Mulder & Scully


The follow up discussion to my post last week on “Bad Boy” Heroes got me to thinking that in general I don’t like stories where bad boy heroes are reformed by heroines who (in Stephanie’s apt description) are “pure as the driven snow.” A fascinating post by Pam Rosenthal on her blog and and the follow-up discussion got me thinking more along the same lines. Pam was writing about children in romance representing innocence, but the discussion touched on the redemptive arc often found in romantic fiction. I like redemptive arcs, but I much prefer it if the character redeems him or herself, rather than being magically healed by innocence and true love.

So in general I prefer “bad boys” or “bad girls” paired with a lover with some worldly wisdom. But execution can make me love all sorts of stories. Georgette Heyer’s Venetia is one my favorite love stories, despite the fact that it follows a trope I don’t generally care for–jaded, cynical rake tries to seduce and then falls in love with beautiful, sheltered, romantically untouched girl. Of course it helps that Venetia is five-and-twenty and hardly an innocent in her understanding of people whatever her life experience. I think the reason the story works so well for me is that one has a deep sense that Venetia and Dameral are “soul mates” despite their vastly differing life experiences. They share a sense of the absurd, as Stephanie pointed out. They share a love of literature, a disregard for society’s conventions, and a certain innate kindness. There’s a wonderful intimacy between them that’s only partly physical, though interestingly the intellectual intimacy makes the passion between them that much more palpable and intense. Their minds work in a similar way. Reading about them, you can sense that “click” that occurs between two people whose minds are in sync (which, to me, is as romantic as the rush of physical attraction).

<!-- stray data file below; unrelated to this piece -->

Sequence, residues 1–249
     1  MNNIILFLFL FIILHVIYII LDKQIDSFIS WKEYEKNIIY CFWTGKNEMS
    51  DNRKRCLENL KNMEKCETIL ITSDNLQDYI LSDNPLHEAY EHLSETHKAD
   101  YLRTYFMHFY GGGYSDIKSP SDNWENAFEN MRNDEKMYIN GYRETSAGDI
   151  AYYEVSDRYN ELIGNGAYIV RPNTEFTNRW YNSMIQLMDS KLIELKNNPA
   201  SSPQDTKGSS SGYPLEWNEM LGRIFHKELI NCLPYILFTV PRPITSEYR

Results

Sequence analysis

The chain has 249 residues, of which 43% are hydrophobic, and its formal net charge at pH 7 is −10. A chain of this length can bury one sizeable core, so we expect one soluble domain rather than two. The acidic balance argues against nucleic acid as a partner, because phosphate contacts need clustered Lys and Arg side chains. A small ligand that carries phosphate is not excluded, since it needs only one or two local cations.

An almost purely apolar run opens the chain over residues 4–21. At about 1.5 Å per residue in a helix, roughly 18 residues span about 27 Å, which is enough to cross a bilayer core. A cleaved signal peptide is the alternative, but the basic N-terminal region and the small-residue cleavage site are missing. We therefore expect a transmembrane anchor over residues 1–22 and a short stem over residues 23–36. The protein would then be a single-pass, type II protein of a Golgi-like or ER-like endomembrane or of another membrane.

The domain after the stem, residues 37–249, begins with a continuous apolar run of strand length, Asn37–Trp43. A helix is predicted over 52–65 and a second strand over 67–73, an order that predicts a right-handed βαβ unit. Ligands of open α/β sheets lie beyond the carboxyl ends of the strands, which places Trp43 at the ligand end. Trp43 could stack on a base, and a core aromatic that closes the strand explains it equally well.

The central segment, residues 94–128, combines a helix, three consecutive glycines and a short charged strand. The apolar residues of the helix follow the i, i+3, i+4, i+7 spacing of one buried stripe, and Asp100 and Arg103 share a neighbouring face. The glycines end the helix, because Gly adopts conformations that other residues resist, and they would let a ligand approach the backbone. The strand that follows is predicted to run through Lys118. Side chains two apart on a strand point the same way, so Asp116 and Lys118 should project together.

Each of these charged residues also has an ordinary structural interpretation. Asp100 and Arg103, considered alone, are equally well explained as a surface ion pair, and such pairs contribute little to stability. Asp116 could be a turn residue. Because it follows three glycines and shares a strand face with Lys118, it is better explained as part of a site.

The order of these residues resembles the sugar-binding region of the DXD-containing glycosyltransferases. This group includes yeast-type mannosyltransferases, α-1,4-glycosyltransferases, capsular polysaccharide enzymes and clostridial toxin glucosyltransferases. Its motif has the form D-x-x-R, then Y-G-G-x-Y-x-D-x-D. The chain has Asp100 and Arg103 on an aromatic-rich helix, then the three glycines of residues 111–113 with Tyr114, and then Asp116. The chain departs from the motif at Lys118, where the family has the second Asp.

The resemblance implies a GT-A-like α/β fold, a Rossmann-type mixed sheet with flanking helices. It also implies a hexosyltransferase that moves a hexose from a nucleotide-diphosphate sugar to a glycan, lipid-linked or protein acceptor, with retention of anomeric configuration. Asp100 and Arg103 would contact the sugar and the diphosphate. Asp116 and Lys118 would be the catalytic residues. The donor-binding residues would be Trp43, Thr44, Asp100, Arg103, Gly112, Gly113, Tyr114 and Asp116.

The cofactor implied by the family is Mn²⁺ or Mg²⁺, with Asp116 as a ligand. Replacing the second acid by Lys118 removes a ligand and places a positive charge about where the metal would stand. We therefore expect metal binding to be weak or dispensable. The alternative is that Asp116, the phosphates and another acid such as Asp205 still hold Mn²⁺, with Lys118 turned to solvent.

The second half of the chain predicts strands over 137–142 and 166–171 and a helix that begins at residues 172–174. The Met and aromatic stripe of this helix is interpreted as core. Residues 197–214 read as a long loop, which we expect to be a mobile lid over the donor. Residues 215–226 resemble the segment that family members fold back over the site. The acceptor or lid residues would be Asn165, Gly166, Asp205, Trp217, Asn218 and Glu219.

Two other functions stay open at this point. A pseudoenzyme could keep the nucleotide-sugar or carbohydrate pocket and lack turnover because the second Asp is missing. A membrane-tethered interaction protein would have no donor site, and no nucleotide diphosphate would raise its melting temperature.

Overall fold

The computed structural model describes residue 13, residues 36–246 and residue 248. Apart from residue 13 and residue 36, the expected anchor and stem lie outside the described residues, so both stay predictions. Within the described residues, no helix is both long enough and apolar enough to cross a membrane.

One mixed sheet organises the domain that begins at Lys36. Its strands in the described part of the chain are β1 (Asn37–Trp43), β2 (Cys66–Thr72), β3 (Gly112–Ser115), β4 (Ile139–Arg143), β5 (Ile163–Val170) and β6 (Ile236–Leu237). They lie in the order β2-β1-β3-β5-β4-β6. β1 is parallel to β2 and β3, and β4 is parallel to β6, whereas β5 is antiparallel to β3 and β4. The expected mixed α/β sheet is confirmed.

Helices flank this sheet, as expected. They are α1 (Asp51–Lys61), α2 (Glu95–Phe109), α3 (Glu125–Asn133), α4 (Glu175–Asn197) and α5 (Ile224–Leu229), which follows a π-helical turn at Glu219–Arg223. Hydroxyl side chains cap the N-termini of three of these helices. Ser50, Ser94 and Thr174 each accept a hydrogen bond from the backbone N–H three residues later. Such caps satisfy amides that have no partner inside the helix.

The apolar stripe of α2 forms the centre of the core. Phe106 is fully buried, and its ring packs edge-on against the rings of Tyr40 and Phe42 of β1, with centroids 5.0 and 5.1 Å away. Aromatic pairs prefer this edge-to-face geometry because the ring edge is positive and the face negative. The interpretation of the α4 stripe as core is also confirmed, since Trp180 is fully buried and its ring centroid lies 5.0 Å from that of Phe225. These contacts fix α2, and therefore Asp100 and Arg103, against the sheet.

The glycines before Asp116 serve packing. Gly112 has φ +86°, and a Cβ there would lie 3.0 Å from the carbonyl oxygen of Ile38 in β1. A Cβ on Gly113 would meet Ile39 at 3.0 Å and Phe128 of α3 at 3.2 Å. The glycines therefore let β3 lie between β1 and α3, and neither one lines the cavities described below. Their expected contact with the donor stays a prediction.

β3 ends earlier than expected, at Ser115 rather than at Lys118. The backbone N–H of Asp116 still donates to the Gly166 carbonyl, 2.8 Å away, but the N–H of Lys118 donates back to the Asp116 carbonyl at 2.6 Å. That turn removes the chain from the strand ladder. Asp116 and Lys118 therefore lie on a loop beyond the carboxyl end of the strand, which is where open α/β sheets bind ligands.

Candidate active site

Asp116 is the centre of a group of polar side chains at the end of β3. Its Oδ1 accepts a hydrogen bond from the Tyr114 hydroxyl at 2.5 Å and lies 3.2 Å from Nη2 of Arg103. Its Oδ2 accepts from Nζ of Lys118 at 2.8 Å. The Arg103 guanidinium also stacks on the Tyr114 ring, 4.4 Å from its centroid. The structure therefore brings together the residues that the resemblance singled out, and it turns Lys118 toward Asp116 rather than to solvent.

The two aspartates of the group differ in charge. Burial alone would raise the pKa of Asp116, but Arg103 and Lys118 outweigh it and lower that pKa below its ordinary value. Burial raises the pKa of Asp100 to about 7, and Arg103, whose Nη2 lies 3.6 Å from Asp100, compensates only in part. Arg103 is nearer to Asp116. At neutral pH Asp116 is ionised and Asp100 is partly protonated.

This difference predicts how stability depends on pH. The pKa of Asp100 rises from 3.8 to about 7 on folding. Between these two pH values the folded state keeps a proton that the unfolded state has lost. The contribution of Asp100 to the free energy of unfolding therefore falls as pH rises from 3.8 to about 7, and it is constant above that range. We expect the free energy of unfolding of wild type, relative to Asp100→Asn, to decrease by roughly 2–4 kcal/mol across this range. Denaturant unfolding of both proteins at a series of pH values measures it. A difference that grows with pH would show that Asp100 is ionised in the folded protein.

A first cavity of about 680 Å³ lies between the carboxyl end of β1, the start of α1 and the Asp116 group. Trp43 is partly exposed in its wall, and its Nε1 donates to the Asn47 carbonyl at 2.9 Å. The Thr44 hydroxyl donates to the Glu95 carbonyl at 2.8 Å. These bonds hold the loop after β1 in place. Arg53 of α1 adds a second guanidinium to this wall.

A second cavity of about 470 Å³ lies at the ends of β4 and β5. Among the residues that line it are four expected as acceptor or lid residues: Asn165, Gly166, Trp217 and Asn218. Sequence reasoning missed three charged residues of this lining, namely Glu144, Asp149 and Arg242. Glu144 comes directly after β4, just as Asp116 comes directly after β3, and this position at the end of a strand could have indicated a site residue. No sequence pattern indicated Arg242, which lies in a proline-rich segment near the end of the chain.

That sort of connection combined with sexual attraction is a powerful combination. I like to think that Charles and Mélanie have that sort of mental click in the way their minds work, which is what gives me hope for them despite their differing backgrounds and to some extent differing goals. At least that’s how it is in my head–how well I’ve portrayed it is a different question :-).

A few other fictional couples who to me fit this definition of “soul mates” – Russell & Holmes, Mulder & Scully, Ingold and Gil in the Darwath books and Antryg and Joanna in the Windrose Chronicles (both by Barbara Hambly), Susan and James in Brust & Bull’s Freedom & Necessity, Beatrice & Benedick, Peter Wimsey & Harriet Vane.

How do you define “soul mates” in fiction? Do you like to read or write about characters with this sort of mental intimacy? Other favorite examples to suggest?

This week’s Fraser Correspondence addition is a letter from Raoul to Mélanie. Speaking of two other people with a mental connection which I don’t think will ever completely go away…

A lot of my writer friends have been away this week at the Romance Writers of America National Conference, this year in Washington D.C. I’ve been enjoying their updates on Twitter. Thanks to Twitter, I knew almost immediately last night that my friend and fellow History Hoyden, Pam Rosenthal, had won RWA’s Rita award for Best Historical Romance for her wonderful The Edge of Impropriety.